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21 January 2020

By Dr Wendy Winnall - Scientific writer for PCFA.

Biopsies are an important step in prostate cancer diagnosis. Improving the accuracy of biopsies could therefore improve the diagnosis process. An exciting new study from The Netherlands has developed an AI (artificial intelligence) to improve the analysis of biopsy tissue and Gleason grading.

Biopsies are very important tests for diagnosing prostate cancer. Whilst scans can see the tumour size and position, the biopsy allows pathologists to see the actual cancer cells. The Gleason score comes from the biopsy - an indication of how aggressively the cancer is growing.

Different types of biopsies

During a biopsy, fine needles are inserted into the prostate gland. These needles remove small amounts of tissue for pathologists to analyse. Some biopsies spread the needles out over the entire gland. These are called systematic biopsies. The needles go into random parts of the prostate, trying to cover all regions of the gland. Depending on the size of the prostate, this could mean 10 samples, or even up to 50.

A newer approach is the targeted biopsy. This technique uses imaging to aim for tumours, rather than taking samples from random regions. MRI-targeted biopsies are common in Australia. These use MRI imaging to direct needles to the tumour site. A fusion biopsy combines MRI and ultrasound to create a 3D image of the prostate to target the tumour.

There are two procedures for performing biopsies that are commonly used in Australia. The prostate is reached through the rectum during a TRUS biopsy. Alternatively, during a transperineal biopsy needles go through the perineum, which is the area between the anus and scrotum.

A biopsy is usually done as an out-patient procedure and your doctor will likely advise a course of antibiotics afterwards to reduce the chance of infection. The biopsy tissue is sent to a pathologist to identify cells cancerous and normal cells.

How are biopsy samples analysed?

After the procedure, many small pieces of the prostate gland need to be analysed. These are first preserved in a fixing solution. They are transported to a pathology laboratory and embedded into wax. Once encased in the wax, very thin slices are cut; approximately 1/200th of a millimetre thick. The slices are placed on glass microscope slides, then stained with coloured solutions. The colours highlight different parts of the cells and tissue on the slide. A pathologist looks at the cells using a microscope to analyse the biopsy sample. If the pathologist sees cells that look like cancer, they will assign scores to the different types of cancerous regions, ranging from 1 to 5. Type 1 tissue has the lowest risk and type 5 the highest. These scores are used to generate the Gleason grade, telling us if cancer is present, how aggressively it’s growing and how much of the gland is affected.

This process has many steps that can be automated. Automation is very useful for the pathology laboratory. It reduces variation between the results from different labs. It also reduces variation between results from the same lab, for tests done on different days. But there is one part of this process that isn’t automated – the role of the pathologist looking down the microscope. There is evidence of variation due to this factor, meaning that the biopsy analysis is not optimal.

An AI for analysing biopsy tissue

A new study has been published in a top journal that tested an AI (artificial intelligence) for Gleason grading. The researchers behind this study work at Radboud University Medical Center in The Netherlands. 1,243 men contributed biopsy specimens to the study. Most of these men had prostate cancer, with 141 cleared of the disease. From these men, 5759 biopsy tissue samples were provided for analysis.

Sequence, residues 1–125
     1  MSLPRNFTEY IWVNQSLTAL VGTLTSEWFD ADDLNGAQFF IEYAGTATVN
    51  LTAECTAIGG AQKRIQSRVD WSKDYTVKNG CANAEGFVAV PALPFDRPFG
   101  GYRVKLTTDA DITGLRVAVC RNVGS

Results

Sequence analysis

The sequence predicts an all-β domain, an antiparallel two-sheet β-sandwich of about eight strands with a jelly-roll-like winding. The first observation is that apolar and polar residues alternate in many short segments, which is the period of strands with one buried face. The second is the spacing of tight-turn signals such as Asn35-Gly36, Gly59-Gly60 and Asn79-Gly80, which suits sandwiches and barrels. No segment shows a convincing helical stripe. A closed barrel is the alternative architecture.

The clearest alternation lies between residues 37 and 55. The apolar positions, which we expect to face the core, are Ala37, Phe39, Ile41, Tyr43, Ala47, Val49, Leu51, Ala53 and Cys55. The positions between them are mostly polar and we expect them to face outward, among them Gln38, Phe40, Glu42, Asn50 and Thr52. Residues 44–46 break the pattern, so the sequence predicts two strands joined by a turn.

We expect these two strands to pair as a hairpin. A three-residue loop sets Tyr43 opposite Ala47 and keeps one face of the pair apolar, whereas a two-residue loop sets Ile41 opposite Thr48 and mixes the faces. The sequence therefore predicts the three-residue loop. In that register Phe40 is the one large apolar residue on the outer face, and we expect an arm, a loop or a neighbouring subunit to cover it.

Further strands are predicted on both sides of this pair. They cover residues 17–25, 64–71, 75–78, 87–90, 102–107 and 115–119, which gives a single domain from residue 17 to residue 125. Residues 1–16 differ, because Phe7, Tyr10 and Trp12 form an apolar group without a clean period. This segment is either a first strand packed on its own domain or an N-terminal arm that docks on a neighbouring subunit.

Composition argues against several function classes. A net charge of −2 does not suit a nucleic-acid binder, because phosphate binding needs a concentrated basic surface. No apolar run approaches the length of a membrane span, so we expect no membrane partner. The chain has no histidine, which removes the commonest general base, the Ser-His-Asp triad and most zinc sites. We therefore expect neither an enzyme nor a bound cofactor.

The aim of the study was to ask if an AI (artificial intelligence) could determine the Gleason grade of prostate cancer as well as leading expert pathologists.

The artificial intelligence process developed for determining Gleason scores is a type of deep learning. This deep learning system performs a type of image pattern recognition on a computer. It starts with an initial program, then is shown numerous cancerous and healthy images of the prostate in order to train the system on what looks cancerous, and what looks healthy. This training (deep learning) is unsupervised, in that it doesn’t require human input. The raw data that it uses does not need to be organised or labelled. Instead the system effectively learns from pathologists by reading the accompanying pathology report for the tissue samples .

After a period of learning on thousands of specimens, the AI was tested in a validation phase. This phase saw results from the AI compared to those of 3 expert pathologists. These experts were uropathologists, whose particular area of expertise was in diagnosing prostate cancer. There was very high agreement between the AI and the expert panel. The AI was then compared to results from a panel of 15 other pathologists from various different countries. Results from this test show that it was more accurate than 10 out of 15 of these pathologists.

The researchers concluded that the AI could determine the Gleason grade of prostate cancer from biopsy samples at a standard similar to expert pathologists. It could therefore contribute to diagnosing prostate cancer.

Currently this AI is in the testing phase and is not used in Australian pathology labs. The authors believe that, after further development, it could be used to generate “second opinions” on biopsy results as a back-up. It could also be used in health settings where resources are limited or to reduce the variability in results between clinics.

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